Emi Nakamura of Berkeley wins the John Bates Clark award

Here is the announcement, here is the opening paragraph of the summary:

Emi Nakamura is an empirical macroeconomist who has greatly increased our understanding of price-setting by firms and the effects of monetary and fiscal policies. Emi’s distinctive approach is notable for its creativity in suggesting new sources of data to address long-standing questions in macroeconomics. The datasets she uses are more disaggregated, or higher-frequency, or extending over a longer historical period, than the postwar, quarterly, aggregate time series that have been the basis for most prior work on these topics in empirical macroeconomics. Her work has required painstaking analysis of data sources not previously exploited, and at the same time displays a sophisticated understanding of the alternative theoretical models that the data can be used to distinguish.

Congratulations!  And there is much more of interest at the link.  And here are previous (and numerous) MR posts on her work.


Truth. Over-aggregation of data has been one of my gravest concerns.

Data reduction was necessary in the old, small data, world.

"Emi and Jón instead obtained access to the actual micro data used by the BLS, which has all the price observations collected by the BLS and for the period from 1988 to 2005."

As we transition to big data (and one hopes public access) it will be interesting to see how those old reductions hold up.

Up front: I'm an old, retired crank [redundant?].

Is Big Data the solution?

My limited, short-term memory is only "so" good. I think I remember a week or two ago a post and hundreds of comments on the recent (2008 to 2015) pomp and circumstances that began with subprime mortgages imploding trillions of $$$ of mortgage backed securities, credit default derivatives, etc. and how (I think one aspect) over-aggregation gulled Fed bank regulators and economists, credit rating agencies, et al to think of them in terms of AAA. Also, (long-term memory) approx. 30 years ago I worked around other, similar over-aggregation cases during the S&L crisis. Of course, my experiences were micro-micro with my ass in the grass, as it were, not sitting in an ivory tower.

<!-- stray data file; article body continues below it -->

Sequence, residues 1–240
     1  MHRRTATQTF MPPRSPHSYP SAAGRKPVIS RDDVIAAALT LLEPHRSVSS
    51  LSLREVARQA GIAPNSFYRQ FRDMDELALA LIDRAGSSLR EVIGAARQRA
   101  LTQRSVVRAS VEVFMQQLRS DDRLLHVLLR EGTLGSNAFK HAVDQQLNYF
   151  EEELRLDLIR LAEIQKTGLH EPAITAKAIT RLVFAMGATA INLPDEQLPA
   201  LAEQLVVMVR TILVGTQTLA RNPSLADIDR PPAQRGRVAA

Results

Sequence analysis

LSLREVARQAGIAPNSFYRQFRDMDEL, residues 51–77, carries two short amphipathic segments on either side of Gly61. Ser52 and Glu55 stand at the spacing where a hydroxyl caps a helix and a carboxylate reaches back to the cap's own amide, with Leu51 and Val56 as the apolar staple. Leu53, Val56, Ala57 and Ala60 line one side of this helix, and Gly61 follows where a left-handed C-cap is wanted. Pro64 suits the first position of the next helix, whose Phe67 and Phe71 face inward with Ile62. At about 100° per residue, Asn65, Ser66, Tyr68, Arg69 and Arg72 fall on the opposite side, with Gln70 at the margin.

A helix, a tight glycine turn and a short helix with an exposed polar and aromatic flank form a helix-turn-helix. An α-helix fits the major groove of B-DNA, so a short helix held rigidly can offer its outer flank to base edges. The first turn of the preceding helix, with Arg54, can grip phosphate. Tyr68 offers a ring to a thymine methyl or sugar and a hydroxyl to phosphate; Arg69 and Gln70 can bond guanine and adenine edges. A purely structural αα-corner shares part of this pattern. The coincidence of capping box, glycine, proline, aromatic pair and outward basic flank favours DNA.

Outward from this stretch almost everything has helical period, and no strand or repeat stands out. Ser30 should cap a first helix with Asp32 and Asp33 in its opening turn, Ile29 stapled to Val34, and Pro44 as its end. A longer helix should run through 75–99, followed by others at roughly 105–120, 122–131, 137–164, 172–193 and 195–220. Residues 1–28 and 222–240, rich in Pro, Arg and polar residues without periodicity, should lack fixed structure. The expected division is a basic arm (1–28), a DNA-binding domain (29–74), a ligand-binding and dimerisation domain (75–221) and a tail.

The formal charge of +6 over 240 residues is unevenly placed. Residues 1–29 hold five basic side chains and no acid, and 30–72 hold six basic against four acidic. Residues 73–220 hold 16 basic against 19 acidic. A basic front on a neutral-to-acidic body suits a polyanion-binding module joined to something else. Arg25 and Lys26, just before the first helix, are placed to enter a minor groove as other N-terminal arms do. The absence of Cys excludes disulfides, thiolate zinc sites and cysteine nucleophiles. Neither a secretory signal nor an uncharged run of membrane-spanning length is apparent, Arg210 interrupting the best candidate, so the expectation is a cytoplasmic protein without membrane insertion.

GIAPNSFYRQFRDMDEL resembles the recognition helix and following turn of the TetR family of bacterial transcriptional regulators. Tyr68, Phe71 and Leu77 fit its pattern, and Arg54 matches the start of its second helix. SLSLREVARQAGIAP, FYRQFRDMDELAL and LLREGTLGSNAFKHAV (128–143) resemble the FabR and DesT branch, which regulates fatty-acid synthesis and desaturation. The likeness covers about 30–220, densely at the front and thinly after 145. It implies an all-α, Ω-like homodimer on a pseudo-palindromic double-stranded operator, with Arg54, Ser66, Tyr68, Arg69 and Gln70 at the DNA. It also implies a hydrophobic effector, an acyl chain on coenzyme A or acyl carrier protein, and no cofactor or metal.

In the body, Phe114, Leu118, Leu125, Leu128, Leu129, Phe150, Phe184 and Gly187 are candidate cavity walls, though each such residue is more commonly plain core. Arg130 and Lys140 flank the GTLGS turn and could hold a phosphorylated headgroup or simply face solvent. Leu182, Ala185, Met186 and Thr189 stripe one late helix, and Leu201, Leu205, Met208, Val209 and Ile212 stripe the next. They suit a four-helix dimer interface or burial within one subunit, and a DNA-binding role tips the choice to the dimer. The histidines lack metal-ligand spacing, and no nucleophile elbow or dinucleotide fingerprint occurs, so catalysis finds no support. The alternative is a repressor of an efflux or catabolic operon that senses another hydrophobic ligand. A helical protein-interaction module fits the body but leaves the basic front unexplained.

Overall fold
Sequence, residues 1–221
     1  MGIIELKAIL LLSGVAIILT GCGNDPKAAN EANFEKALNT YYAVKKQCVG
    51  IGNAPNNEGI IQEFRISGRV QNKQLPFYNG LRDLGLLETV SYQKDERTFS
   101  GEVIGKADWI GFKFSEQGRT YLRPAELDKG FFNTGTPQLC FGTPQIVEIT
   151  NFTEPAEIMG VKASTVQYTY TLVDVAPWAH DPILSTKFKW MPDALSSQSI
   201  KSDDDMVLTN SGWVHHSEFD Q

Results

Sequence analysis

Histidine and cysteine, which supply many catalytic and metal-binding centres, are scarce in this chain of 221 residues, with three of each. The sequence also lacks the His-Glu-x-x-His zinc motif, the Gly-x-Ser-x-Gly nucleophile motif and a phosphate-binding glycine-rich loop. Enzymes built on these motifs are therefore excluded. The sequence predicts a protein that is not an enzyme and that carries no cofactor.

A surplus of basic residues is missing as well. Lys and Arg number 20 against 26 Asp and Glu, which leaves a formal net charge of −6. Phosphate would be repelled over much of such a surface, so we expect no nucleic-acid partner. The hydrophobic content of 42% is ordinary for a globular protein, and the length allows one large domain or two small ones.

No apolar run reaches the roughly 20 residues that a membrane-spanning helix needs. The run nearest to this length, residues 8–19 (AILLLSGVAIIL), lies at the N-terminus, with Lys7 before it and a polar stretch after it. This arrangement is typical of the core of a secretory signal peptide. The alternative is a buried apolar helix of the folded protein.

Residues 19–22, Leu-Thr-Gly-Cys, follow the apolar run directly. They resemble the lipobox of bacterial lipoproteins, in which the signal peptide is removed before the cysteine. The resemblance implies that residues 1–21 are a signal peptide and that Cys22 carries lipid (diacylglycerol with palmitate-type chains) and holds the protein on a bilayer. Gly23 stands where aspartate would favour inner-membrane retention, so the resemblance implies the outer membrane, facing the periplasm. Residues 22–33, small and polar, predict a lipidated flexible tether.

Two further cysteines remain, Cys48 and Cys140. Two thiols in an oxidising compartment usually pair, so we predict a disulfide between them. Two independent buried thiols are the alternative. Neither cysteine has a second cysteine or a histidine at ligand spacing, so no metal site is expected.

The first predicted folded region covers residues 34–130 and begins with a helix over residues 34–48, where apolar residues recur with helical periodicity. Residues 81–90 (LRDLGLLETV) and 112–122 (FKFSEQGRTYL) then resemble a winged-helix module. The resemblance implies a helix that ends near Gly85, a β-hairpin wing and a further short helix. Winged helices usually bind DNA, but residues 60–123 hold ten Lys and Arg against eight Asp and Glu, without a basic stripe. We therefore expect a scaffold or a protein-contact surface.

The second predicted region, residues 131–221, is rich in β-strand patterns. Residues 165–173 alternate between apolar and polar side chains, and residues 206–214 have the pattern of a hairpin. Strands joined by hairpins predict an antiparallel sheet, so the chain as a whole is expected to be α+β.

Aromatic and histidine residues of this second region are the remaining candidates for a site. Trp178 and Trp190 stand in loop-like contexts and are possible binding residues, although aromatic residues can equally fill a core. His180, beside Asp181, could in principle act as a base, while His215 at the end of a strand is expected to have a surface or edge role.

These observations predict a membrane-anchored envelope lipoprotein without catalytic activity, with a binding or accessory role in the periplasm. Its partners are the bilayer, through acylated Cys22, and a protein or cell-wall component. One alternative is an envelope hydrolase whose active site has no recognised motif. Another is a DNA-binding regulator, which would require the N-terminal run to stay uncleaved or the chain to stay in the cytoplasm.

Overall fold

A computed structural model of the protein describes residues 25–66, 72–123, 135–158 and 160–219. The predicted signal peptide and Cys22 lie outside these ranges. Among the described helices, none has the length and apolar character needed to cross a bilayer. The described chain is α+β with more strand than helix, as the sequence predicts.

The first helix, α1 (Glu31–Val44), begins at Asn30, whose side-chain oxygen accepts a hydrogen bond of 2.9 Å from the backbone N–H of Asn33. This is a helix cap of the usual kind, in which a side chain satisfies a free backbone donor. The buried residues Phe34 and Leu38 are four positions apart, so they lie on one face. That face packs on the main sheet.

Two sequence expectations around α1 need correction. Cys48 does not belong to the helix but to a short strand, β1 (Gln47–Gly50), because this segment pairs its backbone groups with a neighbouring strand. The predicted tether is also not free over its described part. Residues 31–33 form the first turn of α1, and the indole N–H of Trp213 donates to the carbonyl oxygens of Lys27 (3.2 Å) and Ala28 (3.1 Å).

I'm old too. If I were to claim expertise it would more be in computers than economics.

From my perspective, "big data" was a name invented to celebrate a massive increase in working capacity (both machines and methods). Maybe like a lot of things the first uses were good, then the hype got excessive, then people started to doubt the whole thing.

But what I think this shows is that if you can use this huge new working capacity effectively, you can discover things missed with smaller working models.

Will economics trend toward big data because it always should have been (but was limited by time, money, and slow computers)?

Interesting question.

It is just incremental progress: as data resolution gets higher and so data now is, on paper at least, more precise. So they want to hype stuff up calling it "big data". It is just data.